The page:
Appropriation and Its Discontents

This collaborative project--between Associate Professor of Art History Huey Copeland (Northwestern University) and MFA student Athi Mongezeleli Joja (University of the Witwatersrand)--focuses on comparative approaches to theories of cultural appropriation, with a particular emphasis on the global circulation of black bodies, discourses, and art forms from an Afro-pessimist perspective. Together, Copeland and Joja will develop interdisciplinary graduate and undergraduate courses that critically interrogate the ways in which blackness variously functions across and between the global North and South.​

Participants

Huey Copeland is Associate Professor of Art History and affiliated faculty in the Critical Theory Cluster, the Department of African American Studies, the Department of Art Theory & Practice, and the Gender and Sexuality Studies Program at Northwestern. Focusing on modern and contemporary art with an emphasis on articulations of blackness in the Western visual field, Copeland is the author of Bound to Appear: Art, Slavery, and the Site of Blackness in Multicultural America (2013), as well as numerous articles and chapters. He is currently at work on a new book, In the Shadow of the Negress: A Brief History of Modern Artistic Practice, which explores the constitutive role played by fictions of black womanhood in Western art from the late-eighteenth century to the present. Photo by Bonnie Robinson for The Graduate School, 2017.

Athi Mongezeleli Joja is an art critic based in Johannesburg, South Africa. A member of the art collective Gugulective, he is currently studying toward his MFA at the University of the Witswatersrand on the critical practice of late critic Colin Richards. His writing has appeared in publications such as The Mail and Guardian, Art Throb, Contemporary And (C&), Chimurenga Chronic, and Africanah.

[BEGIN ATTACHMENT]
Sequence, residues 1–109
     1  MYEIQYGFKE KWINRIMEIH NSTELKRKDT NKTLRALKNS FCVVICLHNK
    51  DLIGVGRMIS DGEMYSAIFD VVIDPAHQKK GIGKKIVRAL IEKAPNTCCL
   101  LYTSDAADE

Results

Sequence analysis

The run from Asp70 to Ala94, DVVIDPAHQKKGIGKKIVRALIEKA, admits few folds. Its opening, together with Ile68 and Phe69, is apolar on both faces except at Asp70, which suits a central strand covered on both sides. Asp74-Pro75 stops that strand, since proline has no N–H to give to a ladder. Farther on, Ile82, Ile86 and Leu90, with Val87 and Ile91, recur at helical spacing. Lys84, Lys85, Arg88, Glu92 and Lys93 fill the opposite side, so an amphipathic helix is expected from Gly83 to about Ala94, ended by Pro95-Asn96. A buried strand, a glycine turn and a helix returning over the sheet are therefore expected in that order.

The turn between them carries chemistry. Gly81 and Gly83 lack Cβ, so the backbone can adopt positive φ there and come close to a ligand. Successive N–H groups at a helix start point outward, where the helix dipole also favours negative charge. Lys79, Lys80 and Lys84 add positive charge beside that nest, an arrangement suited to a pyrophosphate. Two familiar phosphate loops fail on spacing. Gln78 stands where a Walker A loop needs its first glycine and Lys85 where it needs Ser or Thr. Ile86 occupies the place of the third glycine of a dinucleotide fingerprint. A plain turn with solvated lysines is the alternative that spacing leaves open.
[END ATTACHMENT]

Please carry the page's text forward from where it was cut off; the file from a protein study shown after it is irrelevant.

Background Reading

Joja, Athi Mongezeleli. “Critical Reflections on ‘Exhibit B’ and the South African Art World.” Art South Africa 13, no. 2 (2014): 86-87.

Copeland, Huey. “Flow and Arrest.” Small Axe 19, no. 3 (2015): 205-224.

Wilderson, Frank B., III. “The Narcissistic Slave.” In Wilderson, Red, White & Black, 54-91. Durham, NC: Duke University Press, 2010.

Aranke, Sampada. “Fred Hampton’s Murder and the Coming Revolution.” Trans-Scripts: An Interdisciplinary Journal in the Humanities and Social Sciences 3 (2013), 116-139.

News and Events

  • April 3, 2018 | Northwestern
    Visiting scholar Athi Joja delivered his paper "Dumile and the Sketches of Jazz." Exploring how jazz impacted the visual language of the iconic South African artist Dumile Feni, Joja presented an introductory overview of Feni’s unique oeuvre and the intricate ways in which jazz both constitutes much of its subject matter and, more importantly, informs its expressive grammar. Joja argued that in spite of Dumile’s noted stylistic and formal shifts throughout his career, jazz remained the most consistently present idiom in his work, shaping his well-known beautiful line.



  • January 2018 | Northwestern
    Athi Joja is in residence at Northwestern and working with Professor Copeland on their collaboration. Welcome, Athi!

  • November 10-13, 2017 | Northwestern
    Athi Joja visited Northwestern for "Transformations of Critical Theory," the inaugural workshop of the Critical Theory in the Global South Project, where he and Professor Copeland presented their work on the Appropriation and Its Discontents project, with a response from Northwestern graduate student Mlondolozi Zondi. On the final day of the workshop, Copeland, together with Fumi Okiji, Northwestern's current Black Arts Postdoctoral Fellow, led a graduate-student teach-in on the theme "Afro-Pessimism, North and South.” On November 9, Copeland, Joja, and Zondi participated in a roundtable discussion at the School of the Art Institute of Chicago on Afro-Pessimist Aesthetics.


    From left to right, Huey Copeland, Athi Joja, and Mlondi Zondi


    Fumi Okiji